NADA Used Car Guide has added manufacturer-certified used-vehicle retail values to its guidebook.
Jonathan Banks, an analyst with NADA guide, says the values reflect the typical premium added to the retail value of a used vehicle sold under a factory-certified used-vehicle program at a franchised new-car dealership.
The values will help dealers and lenders as they try to secure financing for their certified used-vehicle customers, he says. That's because lenders typically don't allow a premium for certification when they finance certified used vehicles, which results in the customer having to make a larger down payment.
"Now the banks have some guidance if they want to add for that premium," Banks says. The premium is "only for when a consumer is buying a certified vehicle from a franchise dealer."
The guidebook company offers a certified premium for every used vehicle eligible for factory certification. The premium is listed as an add-on under the guide's optional equipment listing.
Banks says NADA guide determines the value of certification based on key factors such as vehicle age, certification program requirements and depreciation rates.
NADA guide also uses actual sales transaction records for certified and noncertified vehicles from the manufacturers that provide those data. The company's analytical model allows it to determine certification premiums for all companies' certified pre-owned programs, including those that do not provide actual transaction data, Banks says.
Also influencing the premium are factors such as the level of a program's dealer engagement -- both in terms of the percentage of dealers participating and how actively those dealers promote those sales -- and the degree to which a manufacturer markets its certified used vehicles, he adds.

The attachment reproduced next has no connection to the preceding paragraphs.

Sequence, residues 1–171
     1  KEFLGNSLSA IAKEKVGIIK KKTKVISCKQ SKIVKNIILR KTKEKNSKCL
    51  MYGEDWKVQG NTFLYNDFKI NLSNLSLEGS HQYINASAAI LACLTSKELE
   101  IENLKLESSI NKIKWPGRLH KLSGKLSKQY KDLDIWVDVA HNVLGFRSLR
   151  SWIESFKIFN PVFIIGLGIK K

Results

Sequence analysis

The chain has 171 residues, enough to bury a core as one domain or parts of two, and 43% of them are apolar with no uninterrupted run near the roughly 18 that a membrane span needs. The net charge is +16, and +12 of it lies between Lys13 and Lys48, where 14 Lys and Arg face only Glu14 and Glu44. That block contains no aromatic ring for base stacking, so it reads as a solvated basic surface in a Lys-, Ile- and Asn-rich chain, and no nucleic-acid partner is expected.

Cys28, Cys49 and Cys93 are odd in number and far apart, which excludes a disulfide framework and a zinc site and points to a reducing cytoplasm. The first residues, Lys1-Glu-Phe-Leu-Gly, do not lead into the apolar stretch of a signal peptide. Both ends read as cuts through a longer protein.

"That all changes how much the [certified pre-owned] premium is, so we wanted to be able to address it by manufacturer," Banks says. "We'd like to get data from every CPO program." He declined to identify the companies that provide the data.
According to the NADA guide, factory certification adds $1,000 to $3,200 to the price of a used vehicle.
For instance, the guidebook assigns a value of $1,525 for certification of a 2011 Ford Focus sedan and $2,300 for certification of a 2011 Lexus LS sedan.
The certified premium for lower-priced vehicles tends to equal a higher percentage of the vehicle's price than the premium for higher-priced vehicles. In part, Banks says, that may be because the higher-priced vehicles have longer original warranties. "Maybe consumers have more confidence in that brand," he says, "or it's that the price is already high."